Monday, August 8, 2022

Pope’s great admission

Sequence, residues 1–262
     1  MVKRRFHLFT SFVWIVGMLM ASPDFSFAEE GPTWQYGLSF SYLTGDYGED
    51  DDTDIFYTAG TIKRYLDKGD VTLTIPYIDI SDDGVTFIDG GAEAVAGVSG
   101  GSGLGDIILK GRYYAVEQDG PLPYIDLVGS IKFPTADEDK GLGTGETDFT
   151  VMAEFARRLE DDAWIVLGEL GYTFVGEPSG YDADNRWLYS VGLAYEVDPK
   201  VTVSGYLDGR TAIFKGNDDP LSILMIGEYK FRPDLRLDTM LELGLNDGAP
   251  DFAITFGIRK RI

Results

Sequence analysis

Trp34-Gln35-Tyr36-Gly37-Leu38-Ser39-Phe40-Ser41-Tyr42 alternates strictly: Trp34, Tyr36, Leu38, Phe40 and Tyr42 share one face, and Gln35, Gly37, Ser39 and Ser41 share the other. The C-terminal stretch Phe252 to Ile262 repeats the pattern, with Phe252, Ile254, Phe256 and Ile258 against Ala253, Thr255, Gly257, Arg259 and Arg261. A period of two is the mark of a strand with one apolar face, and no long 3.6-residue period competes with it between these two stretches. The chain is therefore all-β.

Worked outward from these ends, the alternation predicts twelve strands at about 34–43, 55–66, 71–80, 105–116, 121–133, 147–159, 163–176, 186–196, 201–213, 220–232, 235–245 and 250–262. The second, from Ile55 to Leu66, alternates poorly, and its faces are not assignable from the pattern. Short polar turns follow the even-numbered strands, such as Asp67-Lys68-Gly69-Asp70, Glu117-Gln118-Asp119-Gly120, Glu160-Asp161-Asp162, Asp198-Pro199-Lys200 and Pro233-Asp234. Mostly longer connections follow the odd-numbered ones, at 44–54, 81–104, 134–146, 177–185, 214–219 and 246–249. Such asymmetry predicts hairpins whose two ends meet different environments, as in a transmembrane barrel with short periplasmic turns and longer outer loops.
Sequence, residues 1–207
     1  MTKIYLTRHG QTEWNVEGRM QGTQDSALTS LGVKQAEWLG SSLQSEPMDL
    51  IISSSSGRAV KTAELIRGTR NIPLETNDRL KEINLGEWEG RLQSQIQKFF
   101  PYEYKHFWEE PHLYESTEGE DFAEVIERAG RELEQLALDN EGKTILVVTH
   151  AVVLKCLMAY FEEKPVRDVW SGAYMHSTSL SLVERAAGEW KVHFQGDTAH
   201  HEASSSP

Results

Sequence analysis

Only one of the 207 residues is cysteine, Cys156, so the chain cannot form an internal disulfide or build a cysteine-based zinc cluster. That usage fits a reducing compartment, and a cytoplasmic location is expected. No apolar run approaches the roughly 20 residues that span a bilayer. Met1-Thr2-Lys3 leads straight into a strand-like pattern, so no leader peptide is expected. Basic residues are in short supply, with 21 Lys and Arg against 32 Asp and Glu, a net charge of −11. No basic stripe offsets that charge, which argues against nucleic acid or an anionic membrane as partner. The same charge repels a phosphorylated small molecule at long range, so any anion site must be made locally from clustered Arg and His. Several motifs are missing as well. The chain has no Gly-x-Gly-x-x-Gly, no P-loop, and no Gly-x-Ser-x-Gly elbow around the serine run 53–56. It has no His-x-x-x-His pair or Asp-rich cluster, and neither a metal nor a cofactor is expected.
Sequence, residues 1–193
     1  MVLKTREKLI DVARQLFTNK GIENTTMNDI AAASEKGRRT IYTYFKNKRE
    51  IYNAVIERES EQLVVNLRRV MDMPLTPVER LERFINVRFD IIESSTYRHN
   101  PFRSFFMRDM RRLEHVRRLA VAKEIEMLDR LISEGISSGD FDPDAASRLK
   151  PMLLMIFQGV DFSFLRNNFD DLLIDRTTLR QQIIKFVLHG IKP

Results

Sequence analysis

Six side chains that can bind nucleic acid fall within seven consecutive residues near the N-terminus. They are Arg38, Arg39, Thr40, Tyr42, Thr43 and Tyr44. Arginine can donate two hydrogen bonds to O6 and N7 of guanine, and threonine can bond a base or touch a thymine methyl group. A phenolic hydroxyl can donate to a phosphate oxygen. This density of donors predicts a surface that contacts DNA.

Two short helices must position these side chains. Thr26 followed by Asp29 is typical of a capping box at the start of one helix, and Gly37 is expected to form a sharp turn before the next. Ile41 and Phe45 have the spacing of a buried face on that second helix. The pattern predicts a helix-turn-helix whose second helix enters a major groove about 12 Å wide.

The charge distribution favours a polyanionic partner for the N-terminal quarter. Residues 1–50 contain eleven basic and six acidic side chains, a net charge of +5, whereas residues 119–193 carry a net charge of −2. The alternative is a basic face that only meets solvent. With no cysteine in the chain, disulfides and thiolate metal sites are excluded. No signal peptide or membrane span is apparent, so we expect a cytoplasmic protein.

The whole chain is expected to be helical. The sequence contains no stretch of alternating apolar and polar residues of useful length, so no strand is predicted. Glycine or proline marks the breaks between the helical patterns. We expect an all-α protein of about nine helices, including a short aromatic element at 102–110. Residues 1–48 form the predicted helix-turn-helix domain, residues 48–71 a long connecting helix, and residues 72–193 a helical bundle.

It was indeed the most profound act of repentance and regret when Pope Francis begged for forgiveness on behalf of the Church for the ‘Evil’ that church-run schools inflicted on the indigenous people of Canada. Pope Francis apologized to the indigenous people for the church’s role in running boarding schools where Indigenous children were sexually and physically abused and where many died. Since 1883 to 1997 over 1.5 lakh indigenous red Indian tribal children were forcibly separated from their parents and put in boarding schools where the focus was on manual labour, religious instruction and cultural assimilation. Those schools separated children from parents; inflicted physical, sexual and mental abuse; erased languages to break the cultures, and communities of Indigenous people. Most of the schools were run for the government with Catholic orders responsible for running 60 to 70 percent of the roughly 130 schools, where thousands of children died. Recent discoveries of more than 1,300 unmarked graves at the sites of four former residential schools in western Canada have shocked and horrified Canadians. Indigenous peoples, whose families and lives have been haunted by the legacy of Canada’s Indian residential school system, have long expected such revelations. And the news only reopened old and painful wounds. These were residential “schools” that constituted the death camps of the Canadian Holocaust, and within their walls. Nearly one-half of all aboriginal children sent there by law died, or disappeared, according to the government’s own statistics. As per estimates more than 50,000 victims vanished, as have their corpses. By the 1980s, it became clear that the effects of the residential schools were far greater and longer-lasting than most non-indigenous Canadians cared to admit. The government was reluctant to admit wrongdoing even in the face of rising tensions with Indigenous Peoples. In 1988, George Erasmus, head of the Assembly of First Nations, warned the Canadian government that ignoring the rights and land claims of the Indigenous Peoples could lead to violence. The Canadian government had set a fund of $350 million “for community-based healing as a first step to deal with the legacy of physical and sexual abuse at residential schools,” and laid plans for community development and strengthening indigenous governance. On June 11, 2008, Prime Minister Stephen Harper issued a public apology in front of a joint session of Parliament and representatives of the First Nations, Métis, and Inuit, who appeared in full ceremonial dress. Despite all these, the Church had remained largely silent though individually church leaders called for admitting that a kind of genocide had taken place. In 2019, with story after story exposing new abuses around the world, Catholics who wanted an open admission and apology had grown cynical about the Vatican’s willingness to face the global sickness of sexual abuse, and many have abandoned the Church entirely. However, that year itself, Pope Francis took a significant step toward changing that. The Pope’s nod led to a new law that institutes a detailed mechanism for reporting allegations against bishops, and offers protections to whistle-blowers. The pope’s definition of sexual abuse is expansive enough to cover children, seminarians, nuns and women in religious orders, and people with mental disabilities—all of whom have been victimized. Pope Francis has lived up to the biblical tenet on accountability and shown that the church practises what it preaches.

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